In a dramatic change, a broad array of Gaza settler
organizations proposed early this week that they move
voluntarily, together, to the Nitzanim dunes area located
between Ashdod and Ashkelon.
Representatives of individual Gush Katif settlements, as well
as the Gaza Coast Regional Council, met late on Tuesday
afternoon with Prime Minister Sharon to discuss the proposal,
which is already controversial.
A Gaza spokesman said Monday that "if Sharon's plan is put
into practice, the Gush residents must move as a single
entity to the Nitzanim area."
According to government and settler sources, the plan was
secretly prepared by some of Sharon's close associates.
The Environment Minister has already expressed his
opposition, as have Israeli private environmental
The full details of the proposal were not available at the
time of publication. It was reported that four or seven or
ten communities would be established to replace the 21
communities in Gaza, but it was not clear if the agricultural
enterprises of the settlers, such as the hothouse production
of bug-free vegetables, would be moved to Nitzanim or to
someplace else nearby. The new communities would be spread
out over 4,000 dunams (1,000 acres), with enough housing for
any of the 1,700 families in Gush Katif who wish to move
there. The entire Nitzanim area extends over some 20,000
dunam (about 5,000 acres).
The new communities would take about three years to build, so
it is not clear what the families would do until then.
Various proposals have been made for the Nitzanim area in the
past, but currently it is designated as park land that is not
to be developed.
Some 12 settlement officials plan to attend the Tuesday
meeting with Sharon, including three settlement secretaries,
from Gadid, Gan Or and Bedolach. At the meeting they also
intend to ask Sharon to increase compensation for the
The plan would require moving an army base out of the area,
but according to the planners, it would not damage any of
Nitzanim's nature reserves. Environmentalists, however, are
unconvinced so far.
The plan has been officially billed as an independent
initiative by professional planners, but it appears that
various government agencies supported and encouraged it,
including the Prime Minister's Office.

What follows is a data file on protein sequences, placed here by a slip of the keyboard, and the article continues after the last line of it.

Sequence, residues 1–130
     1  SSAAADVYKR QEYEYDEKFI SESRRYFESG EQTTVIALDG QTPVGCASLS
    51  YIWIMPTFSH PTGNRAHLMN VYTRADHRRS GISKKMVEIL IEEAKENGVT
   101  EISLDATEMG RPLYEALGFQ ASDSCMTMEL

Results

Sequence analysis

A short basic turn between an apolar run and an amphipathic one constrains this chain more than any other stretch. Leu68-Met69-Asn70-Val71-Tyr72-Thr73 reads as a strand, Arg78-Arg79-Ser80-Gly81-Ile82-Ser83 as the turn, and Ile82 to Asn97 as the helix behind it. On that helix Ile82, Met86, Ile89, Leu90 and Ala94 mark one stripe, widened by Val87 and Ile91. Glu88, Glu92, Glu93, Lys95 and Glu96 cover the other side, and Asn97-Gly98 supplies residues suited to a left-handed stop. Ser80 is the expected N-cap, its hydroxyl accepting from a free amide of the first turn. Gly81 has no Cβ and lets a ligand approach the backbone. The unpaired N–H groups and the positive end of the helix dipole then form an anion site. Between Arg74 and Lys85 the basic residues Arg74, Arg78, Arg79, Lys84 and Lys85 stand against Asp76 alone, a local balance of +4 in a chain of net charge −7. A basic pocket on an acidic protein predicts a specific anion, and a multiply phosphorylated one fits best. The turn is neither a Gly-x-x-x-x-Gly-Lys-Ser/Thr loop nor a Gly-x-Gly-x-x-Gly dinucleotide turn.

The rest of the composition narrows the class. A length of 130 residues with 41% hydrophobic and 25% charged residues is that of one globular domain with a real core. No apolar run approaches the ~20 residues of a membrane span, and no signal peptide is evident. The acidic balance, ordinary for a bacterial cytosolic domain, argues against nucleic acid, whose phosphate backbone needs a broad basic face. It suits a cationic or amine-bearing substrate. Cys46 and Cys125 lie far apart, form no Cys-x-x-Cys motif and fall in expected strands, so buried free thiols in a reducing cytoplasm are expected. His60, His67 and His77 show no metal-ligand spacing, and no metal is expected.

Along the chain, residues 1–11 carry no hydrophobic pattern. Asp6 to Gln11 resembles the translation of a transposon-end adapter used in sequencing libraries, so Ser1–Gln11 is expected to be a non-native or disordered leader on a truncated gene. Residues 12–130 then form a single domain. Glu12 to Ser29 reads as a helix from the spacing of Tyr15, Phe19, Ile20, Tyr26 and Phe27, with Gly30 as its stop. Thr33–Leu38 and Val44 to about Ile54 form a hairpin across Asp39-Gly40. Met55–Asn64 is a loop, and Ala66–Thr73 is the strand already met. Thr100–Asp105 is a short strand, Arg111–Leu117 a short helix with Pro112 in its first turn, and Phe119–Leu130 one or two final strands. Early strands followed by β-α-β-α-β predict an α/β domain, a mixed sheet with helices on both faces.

One of the key figures behind the plan was Avi Drexler, a
close associate of Sharon, whom Sharon appointed to head the
Israel Lands Administration in 1998. Drexler said that the
plan was prepared entirely by him and other volunteer
planners in seven intense days.
"If Gush Katif is transferred to Nitzanim, two police
vehicles will suffice to remove all those who refuse to be
evacuated," said one resident after hearing of the new
Some planning officials in the south said they believe the
chances of the plan ever being implemented are slim even if
Sharon does openly support it, given the expected strong
opposition from green organizations and residents of the
An official of the Ashkelon Coast Regional Council also
expressed a concern that the influx could destabilize the
delicate equilibrium between the current secular and
religious residents in the area.
Environment Minister Shalom Simhon said, "It is the last area
of sand dunes in the coastal plain, filled with nature
reserves. Inhabiting it could have a grave effect on the
Israeli officials said Sharon supports the idea of moving
people in groups, and that the government would consider
raising the amounts of compensation. "Money is the least of
our problems," said one official, saying that the government
is far more concerned about violence.
One Gaza official estimated that about 1,000 of the 1,600
families residing in the area back the initiative. "We ask to
stay together in order to maintain the amazing human mosaic
we forged over 30 years," one settler official said.
On Monday, Sharon said that no progress has been made by
Israel in securing a third party to take control of the
property that is to be evacuated under the disengagement
plan. Sharon said several tracks were being explored,
including transferring the homes to the World Bank.
The US State Department on Monday expressed displeasure with
the Ma'aleh Adumim housing project, saying the matter would
be raised in talks between Prime Minister Ariel Sharon's
advisor Dov Weisglass and US Secretary of State Condoleezza